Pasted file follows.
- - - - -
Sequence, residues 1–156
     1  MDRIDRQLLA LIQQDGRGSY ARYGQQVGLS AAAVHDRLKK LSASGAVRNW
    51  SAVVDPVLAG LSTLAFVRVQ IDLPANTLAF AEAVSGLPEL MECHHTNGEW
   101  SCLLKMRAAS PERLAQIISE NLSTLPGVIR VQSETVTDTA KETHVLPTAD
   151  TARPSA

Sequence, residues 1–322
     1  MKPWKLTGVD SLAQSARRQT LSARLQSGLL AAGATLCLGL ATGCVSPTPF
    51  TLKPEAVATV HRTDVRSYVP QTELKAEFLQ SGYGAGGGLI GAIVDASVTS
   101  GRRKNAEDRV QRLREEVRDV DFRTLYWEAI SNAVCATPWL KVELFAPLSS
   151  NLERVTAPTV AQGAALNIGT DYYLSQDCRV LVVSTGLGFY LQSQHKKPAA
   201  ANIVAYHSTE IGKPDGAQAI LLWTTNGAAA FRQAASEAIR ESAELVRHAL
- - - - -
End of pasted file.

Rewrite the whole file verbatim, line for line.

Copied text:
Sequence, residues 1–156
     1  MDRIDRQLLA LIQQDGRGSY ARYGQQVGLS AAAVHDRLKK LSASGAVRNW
    51  SAVVDPVLAG LSTLAFVRVQ IDLPANTLAF AEAVSGLPEL MECHHTNGEW
   101  SCLLKMRAAS PERLAQIISE NLSTLPGVIR VQSETVTDTA KETHVLPTAD
   151  TARPSA

Sequence, residues 1–322
     1  MKPWKLTGVD SLAQSARRQT LSARLQSGLL AAGATLCLGL ATGCVSPTPF
    51  TLKPEAVATV HRTDVRSYVP QTELKAEFLQ SGYGAGGGLI GAIVDASVTS
   101  GRRKNAEDRV QRLREEVRDV DFRTLYWEAI SNAVCATPWL KVELFAPLSS
   151  NLERVTAPTV AQGAALNIGT DYYLSQDCRV LVVSTGLGFY LQSQHKKPAA
   201  ANIVAYHSTE IGKPDGAQAI LLWTTNGAAA FRQAASEAIR ESAELVRHAL